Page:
“That’s it – I’m taking the kids and moving interstate”

 

We are noticing a rise in separations this year. It seems with the self-isolation requirements we have been subjected to, many of the issues that couples were experiencing and/or lying below the surface have now risen to the top and are boiling over.

 

If you are one of the many persons facing separation and contemplating relocating with your children, here are some tips to help make the process smoother:

 

Start planning the move and consider the following:

 

  • Where will you be moving to?
  • Where will you live or who will you live with?
  • Do you have a job to go to?
  • What school will the children go to?
  • Can the other parent relocate as well (if this is what you want)?
  • When and how will the other parent be able to see the children?

 

Develop a proposal for the other parent to spend time with the children and be specific:

 

  • E.g. the children will spend time with the other parent for one week in each of the short school holidays and one half of the long school holidays;
  • Hand over will take place at a named location;
  • Name the parent who will be responsible for the children’s travel costs;
  • Provide details of other times that the other parent can communicate with the child via Facetime, Skype, WhatsApp, Messenger or other methods of communication.

 

Record your agreement in writing:

 

  • It is not uncommon for one of the parents to experience a ‘change of heart’ after he or she has agreed to allowing the children to relocate to another State, particularly if the adults’ relationship deteriorates further. In that case, the parent who no longer has the children can commence proceedings to have the children returned to them.
  • You may choose to prepare an agreement between you and the other parent. If you do not obtain the advice of a solicitor, the agreement may not be legally binding on either of you.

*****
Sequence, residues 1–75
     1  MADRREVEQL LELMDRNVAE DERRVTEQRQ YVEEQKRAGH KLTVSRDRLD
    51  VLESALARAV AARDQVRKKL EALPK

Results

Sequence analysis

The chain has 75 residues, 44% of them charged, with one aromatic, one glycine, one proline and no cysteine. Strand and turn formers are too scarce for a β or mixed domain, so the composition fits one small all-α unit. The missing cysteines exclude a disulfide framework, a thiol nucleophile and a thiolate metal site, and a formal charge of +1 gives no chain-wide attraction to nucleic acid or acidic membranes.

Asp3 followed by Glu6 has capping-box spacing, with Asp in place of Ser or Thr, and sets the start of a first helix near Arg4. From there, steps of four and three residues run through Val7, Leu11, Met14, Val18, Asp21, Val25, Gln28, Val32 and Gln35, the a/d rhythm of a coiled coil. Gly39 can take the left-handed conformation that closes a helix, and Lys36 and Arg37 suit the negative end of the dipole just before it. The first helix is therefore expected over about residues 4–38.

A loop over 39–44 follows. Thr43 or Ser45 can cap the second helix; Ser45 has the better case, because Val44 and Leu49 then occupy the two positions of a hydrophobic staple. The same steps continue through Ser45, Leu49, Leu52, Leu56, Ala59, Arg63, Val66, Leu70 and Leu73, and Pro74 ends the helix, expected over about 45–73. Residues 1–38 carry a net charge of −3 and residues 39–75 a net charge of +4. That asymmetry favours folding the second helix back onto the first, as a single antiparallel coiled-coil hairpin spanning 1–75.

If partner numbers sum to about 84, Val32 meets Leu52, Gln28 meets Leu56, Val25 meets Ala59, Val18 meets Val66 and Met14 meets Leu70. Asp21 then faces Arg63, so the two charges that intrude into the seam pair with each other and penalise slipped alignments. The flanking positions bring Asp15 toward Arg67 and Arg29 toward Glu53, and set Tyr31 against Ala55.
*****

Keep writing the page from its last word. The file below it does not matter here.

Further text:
• The better option is to document the agreement by way of Consent Orders sealed by the Court. A Court is usually reluctant to set aside consent orders particularly in circumstances where one of the parties has had a change of heart.

 

If you are unable to reach agreement:

 

  • If you are the parent who is hoping to move, you ought to commence proceedings fairly quickly. You will need to ensure that you have a really good reason for wanting to relocate and that you have covered off all of the points set out above in the planning stage as a bare minimum.
  • If proceedings are commenced, the Court is unlikely to prioritise your matter simply because you are hoping to relocate. It could take quite some time for the Court to make a decision allowing you to relocate and, depending on how strong your case is, may not make those orders at all. The Court will always make orders that are in the ‘best interests’ of the children.
  • If you are the parent who is staying behind and are worried that the other parent is planning to relocate without your agreement, you ought to commence proceedings urgently to restrain the other parent from relocating the children.
  • Let’s be clear – the Court doesn’t care if one of the parents relocates. It only becomes concerned if the parent is planning to relocate with the children and no agreement has been reached.

 

If you are considering relocating with your children or you are worried that your partner is planning to relocate with your children without your consent, you ought to get in touch with Bambrick Legal urgently. 

 

 

Free initial consultations are available for a limited time only.

 

 

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